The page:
By Chris Yeung —
As Hong Kong entered the second half of its 50-year-old guarantee lifespan of “one country, two systems,” the contradictions between the talk of internationalisation and the walk of mainlandisation could not be more paradoxical.
In his speech delivered at the ceremony of the city’s 25th handover ceremony on July 1 last year, President Xi Jinping has assured Beijing’s full support for Hong Kong to maintain its unique status and strengths. They include keeping its status of an international financial, shipping and trade centre, free and open business environment and common law system.
Hong Kong, Xi said, should further explore free-flowing and good international connections.
Xi’s reference to “international connections” has been interpreted and lauded as a deliberate move to assuage fears in the international community over the future of the city amid uncertainties caused by the enactment of a law on national security and the shattering of the civil society.
The vital role of Hong Kong as an international city in China’s next stage of development has since then been highlighted in speeches made by mainland officials in charge of Hong Kong affairs.
In a speech delivered in April, head of the central government’s Liaison Office Zheng Yanxiong gave a lengthened version of late patriarch Deng Xiaoping’s assurance of the preservation of horse-racing and dancing in Hong Kong after 1997, which are symbols of the enclave’s capitalistic lifestyle.
Zheng said not just horse-racing and dancing will continue stock trading, the use of foreign languages and English names will continue. Hong Kong, he said, should tread well on the path of internationalisation.
The rhetoric of Hong Kong eyeing on the globe, however, contrasts oddly with the acceleration of the pace of the city’s embracing with the mainland, in particular the Greater Bay Area, after Chief Executive John Lee took office.
In a high-profile trip loaded with more symbolism than substance, Lee led half of his team of ministers, or eight out of 15, to knock on the doors of ministries and departments in Beijing after the end of the National People’s Congress plenum in March.
Since then, visits of senior government officials from various policy bureaus and departments to Beijing and the neighbouring Guangdong provinces and cities have become routine. A delegation led by Secretary for Civil Service Ingrid Yeung traveled to Beijing to attend classes, followed by fact-finding visits to other cities, to know more about the country.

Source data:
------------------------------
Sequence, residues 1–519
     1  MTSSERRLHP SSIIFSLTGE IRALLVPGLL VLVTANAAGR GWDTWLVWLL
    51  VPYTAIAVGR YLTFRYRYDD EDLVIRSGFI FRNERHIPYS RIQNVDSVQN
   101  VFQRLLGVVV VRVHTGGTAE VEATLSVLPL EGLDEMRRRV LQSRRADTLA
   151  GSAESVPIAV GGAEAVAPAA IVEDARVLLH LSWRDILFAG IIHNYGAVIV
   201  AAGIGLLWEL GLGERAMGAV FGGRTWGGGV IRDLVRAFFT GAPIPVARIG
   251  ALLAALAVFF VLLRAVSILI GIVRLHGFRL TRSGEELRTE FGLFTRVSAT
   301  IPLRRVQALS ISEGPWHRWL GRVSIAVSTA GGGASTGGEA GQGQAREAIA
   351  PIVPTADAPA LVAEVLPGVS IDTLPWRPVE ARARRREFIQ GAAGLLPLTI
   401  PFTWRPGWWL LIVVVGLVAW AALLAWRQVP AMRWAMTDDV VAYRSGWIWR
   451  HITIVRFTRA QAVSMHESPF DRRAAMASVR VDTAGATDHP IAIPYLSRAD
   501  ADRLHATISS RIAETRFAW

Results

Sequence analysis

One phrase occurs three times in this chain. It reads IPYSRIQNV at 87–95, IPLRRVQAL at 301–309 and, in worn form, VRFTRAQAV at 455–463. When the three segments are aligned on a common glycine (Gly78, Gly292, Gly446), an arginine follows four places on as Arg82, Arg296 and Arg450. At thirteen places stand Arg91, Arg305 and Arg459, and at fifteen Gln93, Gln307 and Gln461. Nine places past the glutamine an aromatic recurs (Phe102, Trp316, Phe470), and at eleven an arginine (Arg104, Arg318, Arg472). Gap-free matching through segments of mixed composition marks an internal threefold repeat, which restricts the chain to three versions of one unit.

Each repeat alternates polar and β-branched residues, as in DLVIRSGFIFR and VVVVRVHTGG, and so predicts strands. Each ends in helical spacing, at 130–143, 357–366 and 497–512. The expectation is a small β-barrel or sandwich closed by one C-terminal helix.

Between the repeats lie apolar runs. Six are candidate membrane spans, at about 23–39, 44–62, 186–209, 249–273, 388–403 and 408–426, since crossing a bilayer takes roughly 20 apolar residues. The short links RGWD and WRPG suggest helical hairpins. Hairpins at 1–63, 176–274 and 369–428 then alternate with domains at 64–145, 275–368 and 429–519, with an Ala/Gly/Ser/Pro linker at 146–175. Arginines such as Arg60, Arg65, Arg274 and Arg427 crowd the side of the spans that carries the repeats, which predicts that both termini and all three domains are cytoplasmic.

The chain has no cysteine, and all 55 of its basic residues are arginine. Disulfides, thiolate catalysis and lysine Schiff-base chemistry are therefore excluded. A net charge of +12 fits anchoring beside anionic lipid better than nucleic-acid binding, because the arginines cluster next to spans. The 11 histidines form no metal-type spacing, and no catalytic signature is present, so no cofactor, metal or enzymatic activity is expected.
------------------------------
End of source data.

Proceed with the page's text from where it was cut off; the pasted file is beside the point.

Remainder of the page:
Before and for a long period of time after 1997, high-fliers in the Government had been sent to attend public administration and management courses at Harvard University and Stanford University.
Beginning this year, the overseas studies arrangements for senior civil servants had terminated. Senior civil servants have and will be sent regularly to attend courses at a Peking University management institute.
Some pro-Beijing lawmakers have suggested senior officials should be seconded to work in government departments in the mainland to learn how they manage.
Faced with a new wave of migration in the wake of the 2019 social movement and labour shortage, the Lee administration has launched a global scheme to lure talents and a new plan to import foreign workers. Most of the new blood and workforce are expected to come from the mainland.
Cathay Pacific, the city’s global flag-carrier, has announced an intensified recruitment drive for putonghua-speaking flight attendants in the mainland. It came after the airline was vehemently criticised by mainland netizens over an alleged discrimination against a non-English native passenger by their flight attendants.
One year into John Lee’s five-year term, the mainland factor has become increasingly visible and relevant in different aspects of life in the city. The Greater Bay Area, meanwhile, has been widely seen as a vast piece of land with possibilities of solutions to Hong Kong’s problems such as ageing population, housing and manpower shortage.
The growing dependence of Hong Kong on the mainland has raised doubts about its unique role and strengths as an international hub that Xi has asked to be preserved in his July 1 speech.
The seemingly contradictions over the trajectory of development of Hong Kong are by no means an academic issue, but a real question that has profound implications on the city’s long-term development.
There is no doubt the city’s long-term viability lies with its fundamental strengths and role as an international financial and business hub with freedoms and rule of law, independent judiciary and professional civil service.
Any erosion and weakening of those strengths in the process of integration with the hinterland will result in a lose-lose situation.